Models for the Composition of the Pentateuch
I. At the beginning of my career in the 1960s
· J—10th century; Solomonic; an interpretation of the responsibilities of a people living under an empire.
· E—9th century; northern kingdom; somewhat fragmentary; traces of the beginnings of the prophetic movement.
· These “epic sources” were possibly alternate developments of an old oral epic tradition. They were combined into JE following the fall of the northern kingdom.
· D, or at least Ur Deuteronomium, connected with the reform of Josiah in the 7th century
· P—exilic or post exilic. Debate about whether P was a separate source that was combined with JE to form the Tetrateuch or whether P was the final redaction of the Pentateuch
Deuteronomistic history was a
· The Pentateuch was created by adding Deuteronomy to the Tetrateuch and moving the death of Moses to the end of Deuteronomy from the end of Numbers. The remnant of the Deuteronomistic History became the Former Prophets.
II. Challenges to this consensus.
· Reactions to the mechanical assignment of verses (or half verses) to sources. Recognition that the source hypothesis carries little conviction after Exodus 3, when Yahweh begins to appear in all of the sources. More emphasis on the flexible development of tradition.
Questioning of the date of J and
of the existence of E (Van Seters and Schmid dated J to the exile; the
existence of E was challenged by Volz and Rudolph already in the 1930s). Challenge to the notion of a Davidic-Solomonic
empire. Is a comprehensive history such
as J conceivable in the 10th century? What would the eighth century prophets have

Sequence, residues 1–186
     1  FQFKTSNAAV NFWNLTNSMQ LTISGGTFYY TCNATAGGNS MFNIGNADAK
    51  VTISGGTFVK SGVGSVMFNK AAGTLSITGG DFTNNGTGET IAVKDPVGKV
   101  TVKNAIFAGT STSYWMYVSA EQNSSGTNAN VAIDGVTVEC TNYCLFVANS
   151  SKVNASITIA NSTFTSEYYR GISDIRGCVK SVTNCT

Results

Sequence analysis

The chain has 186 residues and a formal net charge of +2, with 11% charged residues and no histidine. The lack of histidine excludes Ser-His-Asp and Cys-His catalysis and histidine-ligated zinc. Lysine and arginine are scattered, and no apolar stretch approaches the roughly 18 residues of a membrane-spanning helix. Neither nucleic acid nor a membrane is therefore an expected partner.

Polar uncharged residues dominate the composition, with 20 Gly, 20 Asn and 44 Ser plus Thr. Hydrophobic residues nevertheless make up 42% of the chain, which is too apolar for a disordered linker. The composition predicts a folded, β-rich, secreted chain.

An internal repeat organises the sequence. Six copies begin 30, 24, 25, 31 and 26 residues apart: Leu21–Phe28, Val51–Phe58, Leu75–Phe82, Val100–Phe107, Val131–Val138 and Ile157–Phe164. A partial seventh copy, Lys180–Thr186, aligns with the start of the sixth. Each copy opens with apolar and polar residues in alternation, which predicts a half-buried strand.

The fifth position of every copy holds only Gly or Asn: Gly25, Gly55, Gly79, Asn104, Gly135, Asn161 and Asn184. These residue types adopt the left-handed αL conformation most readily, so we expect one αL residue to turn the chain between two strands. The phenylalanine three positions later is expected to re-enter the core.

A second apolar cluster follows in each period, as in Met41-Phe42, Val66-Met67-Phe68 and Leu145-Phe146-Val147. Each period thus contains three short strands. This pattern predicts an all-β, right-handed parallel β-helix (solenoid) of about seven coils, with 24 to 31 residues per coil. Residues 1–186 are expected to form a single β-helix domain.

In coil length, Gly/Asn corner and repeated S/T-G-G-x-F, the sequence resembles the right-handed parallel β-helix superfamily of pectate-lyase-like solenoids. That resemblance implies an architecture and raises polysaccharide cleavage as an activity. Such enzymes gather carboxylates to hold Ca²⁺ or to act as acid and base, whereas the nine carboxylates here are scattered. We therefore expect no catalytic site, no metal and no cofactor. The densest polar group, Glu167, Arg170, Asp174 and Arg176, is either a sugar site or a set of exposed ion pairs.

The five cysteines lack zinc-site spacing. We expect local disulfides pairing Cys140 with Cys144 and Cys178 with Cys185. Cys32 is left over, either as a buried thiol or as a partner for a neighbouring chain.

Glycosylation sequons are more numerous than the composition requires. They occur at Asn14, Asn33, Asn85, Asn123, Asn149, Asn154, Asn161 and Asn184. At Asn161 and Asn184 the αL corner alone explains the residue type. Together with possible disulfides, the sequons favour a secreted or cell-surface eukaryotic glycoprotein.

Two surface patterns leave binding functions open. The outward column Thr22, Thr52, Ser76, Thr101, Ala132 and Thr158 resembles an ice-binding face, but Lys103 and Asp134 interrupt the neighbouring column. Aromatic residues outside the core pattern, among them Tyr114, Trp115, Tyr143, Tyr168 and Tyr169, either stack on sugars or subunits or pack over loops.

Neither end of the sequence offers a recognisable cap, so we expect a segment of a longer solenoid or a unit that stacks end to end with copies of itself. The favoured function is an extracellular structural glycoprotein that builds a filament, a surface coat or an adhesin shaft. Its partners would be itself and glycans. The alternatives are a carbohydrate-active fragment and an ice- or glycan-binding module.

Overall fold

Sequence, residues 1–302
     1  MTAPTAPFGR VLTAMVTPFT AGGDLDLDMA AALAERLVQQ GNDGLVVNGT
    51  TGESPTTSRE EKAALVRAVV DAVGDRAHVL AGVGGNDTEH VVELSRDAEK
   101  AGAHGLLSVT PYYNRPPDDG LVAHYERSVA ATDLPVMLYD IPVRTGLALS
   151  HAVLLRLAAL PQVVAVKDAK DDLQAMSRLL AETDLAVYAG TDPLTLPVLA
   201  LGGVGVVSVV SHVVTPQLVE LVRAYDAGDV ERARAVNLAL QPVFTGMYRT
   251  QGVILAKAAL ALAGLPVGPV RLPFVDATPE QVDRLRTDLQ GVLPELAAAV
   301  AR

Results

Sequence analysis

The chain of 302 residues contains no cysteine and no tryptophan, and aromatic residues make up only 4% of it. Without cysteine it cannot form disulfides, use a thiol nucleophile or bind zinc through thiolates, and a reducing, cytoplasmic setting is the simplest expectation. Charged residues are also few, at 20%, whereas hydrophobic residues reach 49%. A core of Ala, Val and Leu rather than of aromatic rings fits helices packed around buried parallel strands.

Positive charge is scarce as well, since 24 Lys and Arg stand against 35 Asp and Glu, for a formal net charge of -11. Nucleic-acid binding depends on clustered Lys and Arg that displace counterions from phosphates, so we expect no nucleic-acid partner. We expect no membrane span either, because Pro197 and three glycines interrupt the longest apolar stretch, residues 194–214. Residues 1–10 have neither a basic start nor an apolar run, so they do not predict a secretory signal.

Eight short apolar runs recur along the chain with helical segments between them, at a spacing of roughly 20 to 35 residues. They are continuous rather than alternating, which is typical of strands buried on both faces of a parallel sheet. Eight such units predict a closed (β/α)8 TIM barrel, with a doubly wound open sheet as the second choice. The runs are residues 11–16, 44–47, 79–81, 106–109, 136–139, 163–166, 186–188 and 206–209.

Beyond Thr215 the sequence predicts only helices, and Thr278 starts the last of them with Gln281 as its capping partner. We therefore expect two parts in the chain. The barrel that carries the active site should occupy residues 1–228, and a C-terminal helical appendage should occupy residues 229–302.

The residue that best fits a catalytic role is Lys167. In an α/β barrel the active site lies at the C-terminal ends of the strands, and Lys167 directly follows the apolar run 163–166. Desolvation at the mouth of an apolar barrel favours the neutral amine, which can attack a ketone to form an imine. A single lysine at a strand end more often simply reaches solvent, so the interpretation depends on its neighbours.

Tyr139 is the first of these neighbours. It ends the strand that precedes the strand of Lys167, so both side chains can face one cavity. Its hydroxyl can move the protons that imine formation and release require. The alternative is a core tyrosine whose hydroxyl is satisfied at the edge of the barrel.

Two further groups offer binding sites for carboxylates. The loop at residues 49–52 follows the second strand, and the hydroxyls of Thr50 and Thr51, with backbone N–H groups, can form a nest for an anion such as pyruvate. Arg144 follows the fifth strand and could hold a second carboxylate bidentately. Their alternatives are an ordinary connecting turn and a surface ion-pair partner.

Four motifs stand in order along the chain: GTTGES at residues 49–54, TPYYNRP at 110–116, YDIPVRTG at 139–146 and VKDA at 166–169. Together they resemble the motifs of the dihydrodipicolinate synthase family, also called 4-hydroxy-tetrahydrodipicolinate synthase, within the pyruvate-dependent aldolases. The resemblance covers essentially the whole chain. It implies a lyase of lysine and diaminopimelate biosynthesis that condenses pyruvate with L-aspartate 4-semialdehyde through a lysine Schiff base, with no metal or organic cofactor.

known of the traditions in Genesis? The
· More interest in the world of the text than the world behind the text as the proper sphere for exegesis.
III. Current North American positions
· The position outlined in I above more or less maintained by some. The most radical form of this position is by Richard Friedman who has identified specific people as J, E, D (Jeremiah and Baruch), the Deuteronomistic History (two editions written by the same person), and P (written during reign of Hezekiah). The sources were woven together by R, identified by Friedman as Ezra. The recent introduction of Collins, while cognizant of the current problems with the documentary hypothesis, maintains the standard JEDP position.
· While there are debates about dating and other issues, there is still more or less unity on the identity and message of D and P. Most date P to exilic or post-exilic times (but see Friedman and many Israelis), but there is sharp disagreement on whether P is a source or a redaction. Great uncertainty about J and E. Van Seters has dated J to the exile.
· Various kinds of the final form hypothesis (synchronic readings) that presume that the reconstruction of earlier stages is either impossible, unnecessary, or theologically suspect. Canonical criticism, rhetorical and narratological criticism, feminism, etc. Childs, Alter, Fretheim, Brueggemann, Trible, many others
Except for David Carr and a few
others, ignorance of and/or repudiation of current developments in
IV. Current European Models
 Many Europeans follow the thesis of Frei that the Pentateuch was accepted by the Persians as the law of the realm for dealing with Israelite issues. This would account for Ezra being sent by Artaxerxes to govern Yehud according to the law that was in his hand.
 The primeval history can be read as a unit by itself without reference to the patriarchs or the Exodus. Humans are farmers in these chapters whereas they are half nomads in the patriarchal accounts. Gen 12:1-4a is a bridge text composed as part of the exilic historical work.
 Exod 20:22-23:33. The oldest parts of this law code go back to pre state times.